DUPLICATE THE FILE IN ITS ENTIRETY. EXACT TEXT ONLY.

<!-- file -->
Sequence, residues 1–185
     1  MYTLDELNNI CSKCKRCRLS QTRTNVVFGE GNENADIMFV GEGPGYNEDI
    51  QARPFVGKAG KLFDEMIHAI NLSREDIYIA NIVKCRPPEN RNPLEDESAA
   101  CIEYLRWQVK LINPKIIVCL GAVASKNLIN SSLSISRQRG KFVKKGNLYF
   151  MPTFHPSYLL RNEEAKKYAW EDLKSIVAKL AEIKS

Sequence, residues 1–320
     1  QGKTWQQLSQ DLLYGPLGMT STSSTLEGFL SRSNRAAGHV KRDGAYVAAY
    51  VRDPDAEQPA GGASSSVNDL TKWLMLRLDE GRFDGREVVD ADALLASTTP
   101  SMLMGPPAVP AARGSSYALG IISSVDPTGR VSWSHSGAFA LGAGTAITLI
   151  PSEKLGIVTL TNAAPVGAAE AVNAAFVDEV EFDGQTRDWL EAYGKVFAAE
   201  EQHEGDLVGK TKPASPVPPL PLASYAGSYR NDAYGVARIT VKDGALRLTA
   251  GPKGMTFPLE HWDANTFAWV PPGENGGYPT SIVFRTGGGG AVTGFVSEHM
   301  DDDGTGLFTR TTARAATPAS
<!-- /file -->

Sequence, residues 1–185
     1  MYTLDELNNI CSKCKRCRLS QTRTNVVFGE GNENADIMFV GEGPGYNEDI
    51  QARPFVGKAG KLFDEMIHAI NLSREDIYIA NIVKCRPPEN RNPLEDESAA
   101  CIEYLRWQVK LINPKIIVCL GAVASKNLIN SSLSISRQRG KFVKKGNLYF
   151  MPTFHPSYLL RNEEAKKYAW EDLKSIVAKL AEIKS

Sequence, residues 1–320
     1  QGKTWQQLSQ DLLYGPLGMT STSSTLEGFL SRSNRAAGHV KRDGAYVAAY
    51  VRDPDAEQPA GGASSSVNDL TKWLMLRLDE GRFDGREVVD ADALLASTTP
   101  SMLMGPPAVP AARGSSYALG IISSVDPTGR VSWSHSGAFA LGAGTAITLI
   151  PSEKLGIVTL TNAAPVGAAE AVNAAFVDEV EFDGQTRDWL EAYGKVFAAE
   201  EQHEGDLVGK TKPASPVPPL PLASYAGSYR NDAYGVARIT VKDGALRLTA
   251  GPKGMTFPLE HWDANTFAWV PPGENGGYPT SIVFRTGGGG AVTGFVSEHM
   301  DDDGTGLFTR TTARAATPAS